abstract = "Methicillin-resistant Staphylococcus aureus (MRSA) is frequently isolated in nosocomial outbreaks. In our study, we analysed the occurrence of colonisation and infection in an Intensive Care Unit of our hospital during a 12-month period. We also evaluated the possibility of using automated ribotyping as a molecular method in order to type the isolates. Twice a week a nasal swab and a rectal swab were performed on all patients; from ventilator-assisted patients, a sputum culture was also taken. All the MRSA isolated were identified by using commonly phenotypic procedures and on all isolates susceptibility tests were performed. An automated ribotyping using EcoRI was also done. Out of 292 patients enrolled in the study, 205 were never colonised (group N); among the other 87 who were colonised by MRSA (29.8{\%}), 40 patients (group A) were MRSA carriers at the time of admission, while 47 (group B) were colonised in the ICU. Twenty-seven patients (11 from group A, 15from group B and 1 from group N) developed 31 infections due to MRSA. Patients from group A exhibited, as a rule, worse clinical conditions than those from the other two groups. For the former group, MRSA infection was frequently systemic (sepsis), while in group B pneumonia was the predominant infection. The prevalence of colonisations in our study was 30{\%}, which is a value comparable to those presented by other authors in similar cases. MRSA colonisation is a necessary condition for subsequent infections in almost all cases, with an average lag of 7 days. Susceptibility tests were non-discriminating among the isolates: all the strains were susceptible to glycopeptides; nearly all of them were resistant to erythromycin, clindamycin, ciprofloxacin and gentamicin. Automated ribotyping allowed us to distinguish 12 different ribogroups, the most frequent of which was composed of 146 isolates. In our study, this molecular method was able to define a possible endemic clone that should be better investigated by using methods with a higher discriminatory power, such as RAPD or PFGE. The method that we employed is highly reliable, easy to perform and not time-consuming. In our opinion, it could be the method of choice in the first screening of high numbers of isolates.",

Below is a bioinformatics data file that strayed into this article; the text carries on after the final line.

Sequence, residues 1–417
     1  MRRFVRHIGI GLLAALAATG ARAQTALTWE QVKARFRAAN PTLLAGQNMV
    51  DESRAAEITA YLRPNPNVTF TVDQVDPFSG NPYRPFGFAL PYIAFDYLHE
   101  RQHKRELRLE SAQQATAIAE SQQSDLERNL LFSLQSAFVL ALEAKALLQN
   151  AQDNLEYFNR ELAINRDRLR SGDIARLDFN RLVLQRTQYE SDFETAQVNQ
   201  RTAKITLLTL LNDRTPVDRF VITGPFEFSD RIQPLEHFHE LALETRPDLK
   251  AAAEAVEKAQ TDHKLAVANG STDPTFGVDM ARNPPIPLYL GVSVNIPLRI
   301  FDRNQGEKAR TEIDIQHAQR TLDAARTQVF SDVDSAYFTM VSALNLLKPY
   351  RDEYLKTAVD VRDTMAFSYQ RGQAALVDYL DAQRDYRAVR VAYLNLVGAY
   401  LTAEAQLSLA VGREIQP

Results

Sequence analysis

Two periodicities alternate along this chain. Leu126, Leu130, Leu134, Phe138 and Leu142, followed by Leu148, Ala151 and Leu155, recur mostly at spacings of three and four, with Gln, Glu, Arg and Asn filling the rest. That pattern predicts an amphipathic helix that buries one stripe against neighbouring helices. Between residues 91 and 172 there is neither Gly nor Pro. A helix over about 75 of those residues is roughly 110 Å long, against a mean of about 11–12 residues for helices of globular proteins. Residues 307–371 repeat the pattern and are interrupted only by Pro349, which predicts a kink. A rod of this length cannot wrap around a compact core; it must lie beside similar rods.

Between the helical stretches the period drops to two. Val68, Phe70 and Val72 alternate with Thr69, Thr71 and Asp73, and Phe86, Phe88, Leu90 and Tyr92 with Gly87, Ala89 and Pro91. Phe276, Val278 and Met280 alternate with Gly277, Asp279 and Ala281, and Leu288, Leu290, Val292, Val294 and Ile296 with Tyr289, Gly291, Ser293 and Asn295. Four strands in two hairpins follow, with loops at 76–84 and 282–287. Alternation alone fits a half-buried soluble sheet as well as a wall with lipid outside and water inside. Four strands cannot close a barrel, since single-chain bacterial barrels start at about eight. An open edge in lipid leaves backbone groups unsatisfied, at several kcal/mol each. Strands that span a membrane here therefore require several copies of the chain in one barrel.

keywords = "Automated ribotyping, Epidemiology, Intensive care unit, Staphylococcus aureus",
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AU - Barbarini, Daniela

AU - Pumagalli, Paolo

AU - Marone, Piero

AU - Capra Marzani, Federico

AU - Braschi, Antonio

AU - Emmi, Vincenzo

AU - Carretto, Edoardo

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N2 - Methicillin-resistant Staphylococcus aureus (MRSA) is frequently isolated in nosocomial outbreaks. In our study, we analysed the occurrence of colonisation and infection in an Intensive Care Unit of our hospital during a 12-month period. We also evaluated the possibility of using automated ribotyping as a molecular method in order to type the isolates. Twice a week a nasal swab and a rectal swab were performed on all patients; from ventilator-assisted patients, a sputum culture was also taken. All the MRSA isolated were identified by using commonly phenotypic procedures and on all isolates susceptibility tests were performed. An automated ribotyping using EcoRI was also done. Out of 292 patients enrolled in the study, 205 were never colonised (group N); among the other 87 who were colonised by MRSA (29.8%), 40 patients (group A) were MRSA carriers at the time of admission, while 47 (group B) were colonised in the ICU. Twenty-seven patients (11 from group A, 15from group B and 1 from group N) developed 31 infections due to MRSA. Patients from group A exhibited, as a rule, worse clinical conditions than those from the other two groups. For the former group, MRSA infection was frequently systemic (sepsis), while in group B pneumonia was the predominant infection. The prevalence of colonisations in our study was 30%, which is a value comparable to those presented by other authors in similar cases. MRSA colonisation is a necessary condition for subsequent infections in almost all cases, with an average lag of 7 days. Susceptibility tests were non-discriminating among the isolates: all the strains were susceptible to glycopeptides; nearly all of them were resistant to erythromycin, clindamycin, ciprofloxacin and gentamicin. Automated ribotyping allowed us to distinguish 12 different ribogroups, the most frequent of which was composed of 146 isolates. In our study, this molecular method was able to define a possible endemic clone that should be better investigated by using methods with a higher discriminatory power, such as RAPD or PFGE. The method that we employed is highly reliable, easy to perform and not time-consuming. In our opinion, it could be the method of choice in the first screening of high numbers of isolates.